But just as the demand-side has changed, so has supply. As Andrew Ayres, an environmental economist at University of Nevada-Reno, notes, water markets perform an important function in “enabling our society to be able to move water around effectively as scarcity conditions dictate.” As the supply of water in the West fluctuates, water markets allow users to sell or buy water as they see fit.

As scarcity increases, Ayres sees another benefit of water markets: “conflict reduction.” Because water markets make clear who has water and thus who another party can negotiate with to purchase more water, “that reduces conflicts in terms of bringing together parties collaboratively instead of having them compete in a political arena for access to water.”

Investors, however, are a different and new type of player in water markets. Unlike other stakeholders whose interest in water is putting it to use, investors who purchase farmland are not interested in the agricultural use of water. “Their principal motivation is not long-term farming, but it is the value of the water,” Gammage says of investors. Although investment firms will often lease land back to farmers after the initial purchase, over time water rights will likely increase in value and eventually be sold or leased to the highest bidder.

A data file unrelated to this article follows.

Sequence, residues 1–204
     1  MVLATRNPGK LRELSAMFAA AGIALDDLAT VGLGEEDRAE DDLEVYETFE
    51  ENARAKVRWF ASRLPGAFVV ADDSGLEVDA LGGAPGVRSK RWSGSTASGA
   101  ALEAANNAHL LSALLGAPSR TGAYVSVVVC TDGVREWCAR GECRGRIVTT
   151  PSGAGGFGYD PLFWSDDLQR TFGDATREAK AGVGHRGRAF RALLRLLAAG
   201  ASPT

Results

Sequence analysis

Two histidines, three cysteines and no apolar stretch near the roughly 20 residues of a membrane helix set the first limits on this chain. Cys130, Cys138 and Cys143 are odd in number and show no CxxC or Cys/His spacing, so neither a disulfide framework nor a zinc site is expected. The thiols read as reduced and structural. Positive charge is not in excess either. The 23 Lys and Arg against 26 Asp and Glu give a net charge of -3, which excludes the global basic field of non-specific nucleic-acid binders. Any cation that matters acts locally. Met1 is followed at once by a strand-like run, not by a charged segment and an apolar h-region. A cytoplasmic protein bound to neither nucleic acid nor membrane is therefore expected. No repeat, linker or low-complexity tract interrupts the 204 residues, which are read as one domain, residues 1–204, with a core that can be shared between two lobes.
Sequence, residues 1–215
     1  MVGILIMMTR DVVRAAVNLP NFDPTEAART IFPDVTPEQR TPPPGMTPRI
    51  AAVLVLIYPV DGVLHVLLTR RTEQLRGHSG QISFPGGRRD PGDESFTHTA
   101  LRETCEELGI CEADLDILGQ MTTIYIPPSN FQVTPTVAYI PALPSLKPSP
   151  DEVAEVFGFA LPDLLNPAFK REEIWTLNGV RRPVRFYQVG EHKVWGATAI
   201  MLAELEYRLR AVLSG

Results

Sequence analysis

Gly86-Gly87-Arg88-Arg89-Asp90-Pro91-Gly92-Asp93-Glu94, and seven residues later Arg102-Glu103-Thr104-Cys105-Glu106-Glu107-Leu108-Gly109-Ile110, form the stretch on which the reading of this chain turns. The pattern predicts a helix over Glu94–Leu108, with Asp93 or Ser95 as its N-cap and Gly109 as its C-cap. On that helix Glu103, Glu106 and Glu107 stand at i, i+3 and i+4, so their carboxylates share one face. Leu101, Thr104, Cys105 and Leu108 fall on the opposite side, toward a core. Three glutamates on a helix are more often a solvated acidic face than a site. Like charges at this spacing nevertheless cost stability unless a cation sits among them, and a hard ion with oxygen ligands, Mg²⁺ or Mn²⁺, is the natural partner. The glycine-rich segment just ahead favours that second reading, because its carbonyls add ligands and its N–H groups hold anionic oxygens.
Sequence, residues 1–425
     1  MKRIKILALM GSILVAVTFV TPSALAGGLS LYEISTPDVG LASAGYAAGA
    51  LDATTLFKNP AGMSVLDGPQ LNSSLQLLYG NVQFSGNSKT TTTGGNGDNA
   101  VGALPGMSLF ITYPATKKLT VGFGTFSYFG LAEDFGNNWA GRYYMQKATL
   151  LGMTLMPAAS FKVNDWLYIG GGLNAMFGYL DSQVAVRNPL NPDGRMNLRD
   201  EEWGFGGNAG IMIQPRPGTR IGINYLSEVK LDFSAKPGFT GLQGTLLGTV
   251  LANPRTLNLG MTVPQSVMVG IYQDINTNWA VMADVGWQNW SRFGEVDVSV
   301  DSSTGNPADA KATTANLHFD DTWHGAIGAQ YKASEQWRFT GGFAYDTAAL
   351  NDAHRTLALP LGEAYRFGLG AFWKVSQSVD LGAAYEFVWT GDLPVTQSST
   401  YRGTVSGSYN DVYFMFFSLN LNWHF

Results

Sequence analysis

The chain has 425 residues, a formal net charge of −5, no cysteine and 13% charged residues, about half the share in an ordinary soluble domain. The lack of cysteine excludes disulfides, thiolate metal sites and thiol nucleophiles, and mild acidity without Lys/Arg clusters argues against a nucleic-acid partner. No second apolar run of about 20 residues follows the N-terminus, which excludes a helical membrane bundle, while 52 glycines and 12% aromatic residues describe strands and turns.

Some who work in the water space view investors as positive additions to western water markets by helping solve some of the existing problems in the marketplace. “Transaction costs are really high in water markets,” notes Professor Ayres. “Investors are another entity alongside traditional water users who are in a position to invest in overcoming transaction costs, whether that’s building infrastructure, stoking collective action to change rules around moving water, or just doing the fact-finding and market-making that is necessary to find buyers for sellers of water.”

Modern complaints about western water markets, including pricing discrepancies and lack of conservation, are rooted in how water was historically allocated and how the law works. Agriculture and mining were the two original sources of western development, and many of the original water appropriators of the west were farmers who cultivated the arid landscape. Vast amounts of water rights, especially senior rights, have remained in the hands of farmers and irrigation districts. Today, over 80% of western water is allocated for agriculture.